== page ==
Examples of BlogMutt posts for law firms

A lot of potential customers have been asking about content samples from the law clientele we serve. We can’t link to them because we always protect the identity of the firms using BlogMutt. (They may be telling their mothers that they wrote the posts themselves!)

So we have these posts for you that a BlogMutt writer created for a real client, but they were never used because the firm changed specialties. The usual links and keywords we include and any references to the firm itself have been removed. The posts are designed to show the general level of quality of writing that you can expect.

Can a group of writers who wrote these posts for an intellectual property firm also write for your litigation, family practice, business law, legislative affairs, criminal defense or contracts law firm? Yes! Remember, the blog is not the legal expert, it’s a bridge from the expert (you) to your audience of clients and potential clients. It’s like “small talk” on the internet. Our writers have created thousands of unique blog posts for hundreds of clients, and we can do the same for you, too.

Here are the posts:

Will the new Patent Laws Affect Your Business?

The America Invents Act, which was signed into law on September 16, is the biggest reform of American patent law in years. But what exactly does the new law entail, and how might it affect you?

The legislation is getting a lot of press right now, and the prevailing sentiment seems to be that it doesn’t do nearly enough.

For a basic rundown, we like the way this article from PCWorld summarizes the key points of the law, including some pros and cons of each provision.

One major change made by the new legislation is that patents will be granted to whichever party files for the patent first. In the past, inventors had to prove they were the first to come up with the idea.

Another substantial development is the creation of a special “micro entity” status for inventors with fewer than five previous patent applications and a limited household income, among other requirements. This will benefit individual inventors by reducing the fees required to file a patent.

The America Invents Act is being criticized, however, for failing to address other potential areas of reform, such as software patents and patent trolls. And although the legislation offers a new way to challenge bad patents, the way this is implemented will make it difficult for the average person to do so:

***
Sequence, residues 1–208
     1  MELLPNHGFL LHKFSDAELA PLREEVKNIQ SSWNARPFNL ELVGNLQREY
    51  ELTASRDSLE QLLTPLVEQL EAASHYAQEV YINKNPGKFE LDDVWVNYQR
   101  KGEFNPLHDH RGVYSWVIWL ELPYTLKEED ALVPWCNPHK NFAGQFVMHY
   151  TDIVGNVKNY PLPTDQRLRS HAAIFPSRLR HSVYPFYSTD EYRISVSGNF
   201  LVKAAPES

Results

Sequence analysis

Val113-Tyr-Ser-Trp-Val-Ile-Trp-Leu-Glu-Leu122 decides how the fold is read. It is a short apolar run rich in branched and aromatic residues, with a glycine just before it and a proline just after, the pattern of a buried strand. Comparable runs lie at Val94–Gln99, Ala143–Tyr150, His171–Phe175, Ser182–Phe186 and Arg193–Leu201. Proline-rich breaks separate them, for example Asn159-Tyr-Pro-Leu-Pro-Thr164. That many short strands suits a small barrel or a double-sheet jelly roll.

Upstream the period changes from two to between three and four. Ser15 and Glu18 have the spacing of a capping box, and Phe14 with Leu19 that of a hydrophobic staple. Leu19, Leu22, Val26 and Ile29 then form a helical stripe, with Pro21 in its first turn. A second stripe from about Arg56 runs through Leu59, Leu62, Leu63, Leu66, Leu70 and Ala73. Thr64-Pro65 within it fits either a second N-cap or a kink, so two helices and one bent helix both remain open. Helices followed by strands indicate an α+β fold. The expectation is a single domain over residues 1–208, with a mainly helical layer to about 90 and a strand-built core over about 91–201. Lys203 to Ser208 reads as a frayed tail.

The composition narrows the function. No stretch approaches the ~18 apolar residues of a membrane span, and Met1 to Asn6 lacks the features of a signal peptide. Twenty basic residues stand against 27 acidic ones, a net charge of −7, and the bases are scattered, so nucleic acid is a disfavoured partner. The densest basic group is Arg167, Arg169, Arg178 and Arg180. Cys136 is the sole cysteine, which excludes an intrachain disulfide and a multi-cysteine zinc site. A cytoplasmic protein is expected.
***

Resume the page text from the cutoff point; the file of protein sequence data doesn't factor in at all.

Strict time limits on these challenges, in particular, mean that constant vigilance is required in order to challenge a patent in time to be considered. Once again, only the big guys with their well-paid legal staffs will likely be able to do this quickly enough, putting small businesses at a disadvantage once again.

As business attorneys with expertise in intellectual property, we’re here to help you navigate the ins and outs of the new patent legislation and what it means to you.

If you’d like to speak to experienced, tech-savvy attorneys about patent law or any other legal aspect of your business, please contact us.

Ask Your Business Attorney About the Can Spam Act

Your business attorney will say,”No, you CAN’T Spam.”

Here’s why:

“Each separate email in violation of the CAN-SPAM Act is subject to penalties of up to $16,000, so non-compliance can be costly.”

Source: Bureau of Consumer Protection

That last phrase seems a little oxymoronic, doesn’t it? When you are a startup or very small business $16,000 might be your annual budget. And it is why you need to take time to understand the regulatory compliance requirements before sending out any communications marketing your new company.

CAN-SPAM Act Overview

  • Don’t use false or misleading header information. Anywhere. This means everything from the “To:” line to the routing information within the email.
  • Don’t use deceptive subject lines. Not only is this against CAN-SPAM, it’s very irritating to recipients. Not a good way to start a relationship.
  • Identify your message as an ad. Being completely transparent is the only way to go.
  • Tell recipients the address where you are located. This can lend legitimacy to your email, and is required by the law.
  • Tell recipients how to opt out of future email from you. Not everyone wants to hear about it until they have a need.
  • Honor opt-out requests promptly. With today’s technology there is no excuse for being unable to take someone off a mailing list as soon as they select “opt-out.”
  • Monitor what others are doing on your behalf. As a start-up or online business you may be outsourcing everything. Make sure your third parties are following the rules, too.

Many email service vendors will help or insist you comply with CAN-SPAM and make it easy to do so.

And CAN-SPAM doesn’t just apply to bulk email. It applies to any commercial message distributed by electronic mail.

I hope this overview of one of the many regulatory compliance issues for business has been helpful to you. YOUR Law Group is happy to help you sort through this and any other laws about finding the best ways to comply.

Contact us to learn more.

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This post was written, as well as any other posts with the author "Verblio," by one of our 3,000+ U.S.-based writers who write for thousands of clients monthly, across 38 different industries. Only the top 4% of writers who apply with Verblio get accepted, so our standards for writers (and content) are high.

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